As India tackles a diabetes epidemic, a cure might lie in its past. The age-old practice of yoga is increasingly finding traction among researchers and medical practitioners for managing diabetes.
Yoga therapies involving performing postures (asanas), concentration and controlled breathing have been found to have demonstrated benefits in the management of diabetes both directly and indirectly.
Increase in insulin receptor bindings — the proteins found in membranes of liver, muscle and fat cells that play a key role in the body’s glucose regulation – and decrease in the levels of insulin in blood plasma are some of the areas that researchers have found yoga to have direct benefits.
“The practice of yoga along with some dietary restrictions helps the reversal of the condition and prevents diabetes-induced complications,” says Dr Venugopal, a researcher and yoga expert from Chennai. “Yoga acts in diabetics by targeting the insulin resistance.”
A 2008 Jamaican study involving 231 type 2 diabetics linked practising yoga to an increase in the number of insulin receptor bindings, potentially reducing insulin sensitivity in people suffering from the condition.
Regular practice of yoga can also delay the onset of diabetes in pre-diabetics and obese persons by improving the utilisation of insulin by the body’s cells, thereby promoting the uptake of glucose.
A 2007 study by researchers at Osmania Medical College in Hyderabad showed just this: hyperinsulinemia — the increased levels of insulin in blood plasma — can also be managed by regular practice of yoga, helping in delaying the onset of diabetes in pre-diabetics and obese persons.
The researchers theorised that the regular practice of yoga improved the utilisation of insulin by the body’s cells, thereby promoting the uptake of glucose. Yoga has also been shown to reduce stress, which is one of the major causative factors of diabetes.
Researchers from Japan’s Shimane Institute of Health Science found that practising yoga can reduce stress. Their study, focused on the concentration of cortisol, the main stress hormone in the human body, which was found to be in lower concentration after yoga intervention.
Other studies have found that elevated levels of cortisol in the body are linked to higher levels of blood sugar and vice versa, which could explain yoga’s effect on lowering stress and help counteract diabetes.
A study done at the Sardar Patel Medical College in Bikaner corroborated this, observing a significant improvement in the stress scores of 200 diabetics in a psychological assessment and self-evaluation scoring system after six weeks of yoga intervention.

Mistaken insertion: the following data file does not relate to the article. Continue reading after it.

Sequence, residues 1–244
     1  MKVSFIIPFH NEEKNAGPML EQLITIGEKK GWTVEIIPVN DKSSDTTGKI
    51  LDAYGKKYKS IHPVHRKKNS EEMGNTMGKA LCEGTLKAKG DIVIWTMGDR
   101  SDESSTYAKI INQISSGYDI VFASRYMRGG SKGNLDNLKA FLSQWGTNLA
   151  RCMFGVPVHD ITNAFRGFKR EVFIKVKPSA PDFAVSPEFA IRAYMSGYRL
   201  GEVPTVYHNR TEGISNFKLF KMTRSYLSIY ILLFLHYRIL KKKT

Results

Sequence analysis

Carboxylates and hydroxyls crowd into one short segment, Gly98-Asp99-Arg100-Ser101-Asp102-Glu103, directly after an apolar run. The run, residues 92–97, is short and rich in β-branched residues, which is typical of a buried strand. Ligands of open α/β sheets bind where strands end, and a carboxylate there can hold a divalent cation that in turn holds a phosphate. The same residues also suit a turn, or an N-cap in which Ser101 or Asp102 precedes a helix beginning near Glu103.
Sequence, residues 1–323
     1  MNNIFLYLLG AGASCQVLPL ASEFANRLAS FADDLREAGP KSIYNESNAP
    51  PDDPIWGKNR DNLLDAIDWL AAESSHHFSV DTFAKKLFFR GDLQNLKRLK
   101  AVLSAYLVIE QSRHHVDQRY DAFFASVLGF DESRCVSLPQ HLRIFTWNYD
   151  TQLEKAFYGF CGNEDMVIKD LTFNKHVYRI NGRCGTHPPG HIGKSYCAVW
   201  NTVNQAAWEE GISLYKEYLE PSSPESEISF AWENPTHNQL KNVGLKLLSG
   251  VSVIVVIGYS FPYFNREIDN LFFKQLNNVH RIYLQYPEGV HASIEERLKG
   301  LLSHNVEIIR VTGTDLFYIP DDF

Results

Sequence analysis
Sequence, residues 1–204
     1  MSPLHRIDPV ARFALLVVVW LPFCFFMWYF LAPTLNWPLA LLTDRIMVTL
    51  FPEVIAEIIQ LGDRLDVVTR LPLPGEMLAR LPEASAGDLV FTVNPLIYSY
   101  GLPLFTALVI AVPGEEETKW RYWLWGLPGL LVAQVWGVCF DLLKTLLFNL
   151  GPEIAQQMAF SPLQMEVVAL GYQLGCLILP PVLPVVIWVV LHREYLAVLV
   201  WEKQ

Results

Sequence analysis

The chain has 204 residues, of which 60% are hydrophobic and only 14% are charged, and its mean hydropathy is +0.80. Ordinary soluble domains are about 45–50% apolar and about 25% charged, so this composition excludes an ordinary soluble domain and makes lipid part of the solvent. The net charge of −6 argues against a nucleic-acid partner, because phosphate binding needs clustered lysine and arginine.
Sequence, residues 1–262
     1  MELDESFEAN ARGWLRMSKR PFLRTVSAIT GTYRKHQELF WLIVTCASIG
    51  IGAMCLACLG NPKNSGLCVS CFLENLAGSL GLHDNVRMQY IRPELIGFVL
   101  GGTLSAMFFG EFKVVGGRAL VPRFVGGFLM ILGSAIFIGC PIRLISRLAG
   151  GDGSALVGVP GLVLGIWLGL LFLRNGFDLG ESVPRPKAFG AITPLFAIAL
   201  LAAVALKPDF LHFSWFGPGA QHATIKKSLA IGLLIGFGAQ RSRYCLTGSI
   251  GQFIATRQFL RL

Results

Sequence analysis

“Practising yoga for just 30 days has changed my life. My blood sugar levels have come down and I feel better physically and mentally. My medication dosage has also been reduced by my physician,” says Jayaram BL, a Shimoga-based government employee with a history of type 2 diabetes who has been on oral antidiabetics for 10 years.
Yoga is also seen to provide indirect benefits by addressing other causative factors of diabetes such as obesity and hyperlipidaemia, by promoting mindful eating, reduction in weight and improving mental wellbeing.
Exercising is a known supplementary therapy for controlling diabetes. But unlike other exercises, yoga can also be practised by people with restricted joint movements and older folks who do not want to put undue stress on their joints.
“Yoga practice has not only reduced my blood sugar levels, but also taken care of my physical and mental well-being. Practising yoga early in the morning gives me enthusiasm to carry out day-to-day activities,” says Shimoga-based Umadevi, a 68-year-old housewife who has had diabetes for 21 years and is on anti-diabetic medications.
“Pain in my knee joints had restricted me from walking and doing other exercises. Six years ago I started practising yoga, which made me feel better with respect to my joint pain as well.”
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